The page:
Reception[edit]

Reception
Review scores
PublicationScore
Edge6/10[6]
Famitsu31/40[8]
GameSpot6.2/10[7]
IGN9/10[2]

Edge praised the Japanese version for its branching storyline, stating that it makes the game more involving and rewarding than its predecessors.[6] GameSpot reviewer James Mielke highlighted the game's high production values, but considered Namco's non-inclusion of the Japanese version's content in the North American release to be a surprise, considering the months-long gap after the original release.[7]

References[edit]

  1. ^ "AC3's official localization: the post-mortem". useatoday.blogspot.de. Retrieved 2017-01-05. 
  2. ^ a b Sam Bishop (2000-03-13). "Ace Combat 3". IGN. Archived from the original on 2016-04-09. Retrieved 2016-04-09.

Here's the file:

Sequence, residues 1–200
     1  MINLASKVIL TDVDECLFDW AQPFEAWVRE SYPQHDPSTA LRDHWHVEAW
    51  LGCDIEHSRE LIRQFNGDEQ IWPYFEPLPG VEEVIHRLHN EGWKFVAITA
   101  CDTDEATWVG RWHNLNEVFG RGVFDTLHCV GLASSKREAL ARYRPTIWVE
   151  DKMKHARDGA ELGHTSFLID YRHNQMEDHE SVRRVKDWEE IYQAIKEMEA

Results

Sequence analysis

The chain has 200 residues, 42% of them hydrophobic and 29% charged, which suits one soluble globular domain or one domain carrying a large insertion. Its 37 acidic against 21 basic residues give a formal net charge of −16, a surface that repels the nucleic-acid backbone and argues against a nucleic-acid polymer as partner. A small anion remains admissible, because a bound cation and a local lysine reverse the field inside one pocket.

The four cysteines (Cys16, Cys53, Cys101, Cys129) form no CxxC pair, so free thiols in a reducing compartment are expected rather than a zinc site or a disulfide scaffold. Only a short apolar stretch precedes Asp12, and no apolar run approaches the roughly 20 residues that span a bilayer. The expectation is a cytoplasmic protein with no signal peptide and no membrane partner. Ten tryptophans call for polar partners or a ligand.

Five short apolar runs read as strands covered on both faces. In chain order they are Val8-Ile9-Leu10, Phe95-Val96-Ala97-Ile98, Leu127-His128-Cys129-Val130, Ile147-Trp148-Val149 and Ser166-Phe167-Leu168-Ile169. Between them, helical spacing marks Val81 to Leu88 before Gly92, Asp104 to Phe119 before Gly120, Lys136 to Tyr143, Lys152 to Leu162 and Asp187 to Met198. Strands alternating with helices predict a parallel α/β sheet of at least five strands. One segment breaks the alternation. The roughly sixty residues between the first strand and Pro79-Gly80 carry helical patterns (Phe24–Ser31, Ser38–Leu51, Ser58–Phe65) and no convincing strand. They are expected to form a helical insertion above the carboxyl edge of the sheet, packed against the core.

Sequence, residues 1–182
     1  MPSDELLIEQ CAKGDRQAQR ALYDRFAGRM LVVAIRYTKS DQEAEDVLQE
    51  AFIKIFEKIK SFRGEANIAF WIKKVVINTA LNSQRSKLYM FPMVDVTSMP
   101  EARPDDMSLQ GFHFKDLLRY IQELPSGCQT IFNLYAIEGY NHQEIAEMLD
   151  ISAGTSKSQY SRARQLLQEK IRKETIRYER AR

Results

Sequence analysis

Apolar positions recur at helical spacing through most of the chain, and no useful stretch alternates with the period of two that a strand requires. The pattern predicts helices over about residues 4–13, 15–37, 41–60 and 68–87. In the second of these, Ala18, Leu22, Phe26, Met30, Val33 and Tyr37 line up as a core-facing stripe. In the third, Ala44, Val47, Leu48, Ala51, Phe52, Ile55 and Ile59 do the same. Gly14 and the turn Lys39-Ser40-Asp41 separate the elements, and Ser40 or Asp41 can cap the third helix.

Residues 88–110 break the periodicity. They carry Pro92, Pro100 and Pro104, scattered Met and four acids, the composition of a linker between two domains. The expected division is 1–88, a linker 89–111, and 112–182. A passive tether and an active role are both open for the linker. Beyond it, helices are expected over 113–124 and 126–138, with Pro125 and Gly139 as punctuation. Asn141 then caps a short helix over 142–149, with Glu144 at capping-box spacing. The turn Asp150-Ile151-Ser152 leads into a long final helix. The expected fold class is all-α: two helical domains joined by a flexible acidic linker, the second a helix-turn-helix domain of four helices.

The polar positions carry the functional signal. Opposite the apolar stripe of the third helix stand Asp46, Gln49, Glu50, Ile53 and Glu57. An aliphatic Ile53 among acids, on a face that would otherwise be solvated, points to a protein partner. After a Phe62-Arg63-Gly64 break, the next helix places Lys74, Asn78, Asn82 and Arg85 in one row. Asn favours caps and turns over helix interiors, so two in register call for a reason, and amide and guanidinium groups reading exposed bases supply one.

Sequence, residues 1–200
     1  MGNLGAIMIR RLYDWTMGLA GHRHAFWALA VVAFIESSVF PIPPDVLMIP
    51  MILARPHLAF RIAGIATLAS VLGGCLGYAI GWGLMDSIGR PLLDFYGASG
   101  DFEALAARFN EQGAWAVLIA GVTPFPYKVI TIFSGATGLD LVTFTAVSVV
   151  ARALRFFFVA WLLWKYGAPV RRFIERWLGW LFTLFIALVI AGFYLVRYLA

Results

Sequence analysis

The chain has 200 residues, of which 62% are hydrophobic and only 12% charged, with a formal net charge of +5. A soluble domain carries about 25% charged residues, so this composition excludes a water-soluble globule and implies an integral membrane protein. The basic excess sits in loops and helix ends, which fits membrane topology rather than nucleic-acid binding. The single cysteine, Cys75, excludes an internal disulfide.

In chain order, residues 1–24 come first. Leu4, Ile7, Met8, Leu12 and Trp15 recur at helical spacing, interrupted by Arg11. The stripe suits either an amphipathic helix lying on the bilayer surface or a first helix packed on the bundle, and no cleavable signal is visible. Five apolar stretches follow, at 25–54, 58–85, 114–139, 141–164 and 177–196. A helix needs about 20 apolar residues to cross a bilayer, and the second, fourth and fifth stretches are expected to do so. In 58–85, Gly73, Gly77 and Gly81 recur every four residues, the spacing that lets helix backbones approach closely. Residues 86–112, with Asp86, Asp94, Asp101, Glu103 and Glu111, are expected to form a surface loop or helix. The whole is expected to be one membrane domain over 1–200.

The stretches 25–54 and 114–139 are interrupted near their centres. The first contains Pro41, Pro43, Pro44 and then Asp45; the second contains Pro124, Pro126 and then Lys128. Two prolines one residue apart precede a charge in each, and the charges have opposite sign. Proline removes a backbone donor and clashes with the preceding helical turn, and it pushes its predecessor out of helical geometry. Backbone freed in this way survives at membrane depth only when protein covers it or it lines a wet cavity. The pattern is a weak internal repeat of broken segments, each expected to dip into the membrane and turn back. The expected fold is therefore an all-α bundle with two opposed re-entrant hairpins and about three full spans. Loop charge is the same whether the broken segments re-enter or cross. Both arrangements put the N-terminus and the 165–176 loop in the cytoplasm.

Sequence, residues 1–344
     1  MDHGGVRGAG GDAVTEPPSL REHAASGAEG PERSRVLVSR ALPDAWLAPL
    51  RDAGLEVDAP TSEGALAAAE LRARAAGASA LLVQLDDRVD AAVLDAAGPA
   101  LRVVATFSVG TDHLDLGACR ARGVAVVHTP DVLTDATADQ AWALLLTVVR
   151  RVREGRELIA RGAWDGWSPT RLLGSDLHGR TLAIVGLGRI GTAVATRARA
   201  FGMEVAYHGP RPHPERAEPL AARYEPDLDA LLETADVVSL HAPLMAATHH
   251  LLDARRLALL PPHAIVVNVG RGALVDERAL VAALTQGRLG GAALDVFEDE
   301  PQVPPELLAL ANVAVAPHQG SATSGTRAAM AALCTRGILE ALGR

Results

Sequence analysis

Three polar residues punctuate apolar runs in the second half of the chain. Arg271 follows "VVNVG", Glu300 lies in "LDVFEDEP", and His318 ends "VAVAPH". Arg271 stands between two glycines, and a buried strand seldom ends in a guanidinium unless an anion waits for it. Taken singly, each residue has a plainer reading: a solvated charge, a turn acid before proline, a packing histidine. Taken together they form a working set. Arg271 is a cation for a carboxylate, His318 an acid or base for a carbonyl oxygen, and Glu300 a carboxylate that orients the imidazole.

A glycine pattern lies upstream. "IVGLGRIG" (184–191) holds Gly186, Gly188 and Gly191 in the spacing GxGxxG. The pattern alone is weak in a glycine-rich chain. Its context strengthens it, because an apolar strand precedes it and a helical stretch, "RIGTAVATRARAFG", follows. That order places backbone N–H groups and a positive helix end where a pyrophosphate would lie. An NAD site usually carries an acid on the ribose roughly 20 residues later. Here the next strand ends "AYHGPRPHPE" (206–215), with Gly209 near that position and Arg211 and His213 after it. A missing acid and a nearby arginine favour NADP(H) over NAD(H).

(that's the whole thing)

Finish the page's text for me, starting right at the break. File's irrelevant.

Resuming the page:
3. ^ BANDAI NAMCO Games Inc. "UGSF". Retrieved 22 April 2017. 
  4. ^ The interface in the main menu screen is dated 2040.
  5. ^ Late in the game (in any ending), a news story says that Aldair Carlos Nascimento (the executive director of General Resource) died at 3:56 PM, in an unknown date in 2040. His age was mentioned as 75 years old. According to the in-game archives (only in the Japanese version of the game), Aldair was born on July 21, 1964.
  6. ^ a b "Ace Combat 3 Electrosphere". Edge. No. 74. Future Publishing. August 1999. p. 84. 
  7. ^ a b James Mielke (1999-06-22). "Ace Combat 3: Electrosphere Review". GameSpot. Archived from the original on 2013-11-06. Retrieved 2012-12-01. 
  8. ^ プレイステーション - エースコンバット3 エレクトロスフィア. Weekly Famitsu. No.915 Pt.2. Pg.20. 30 June 2006.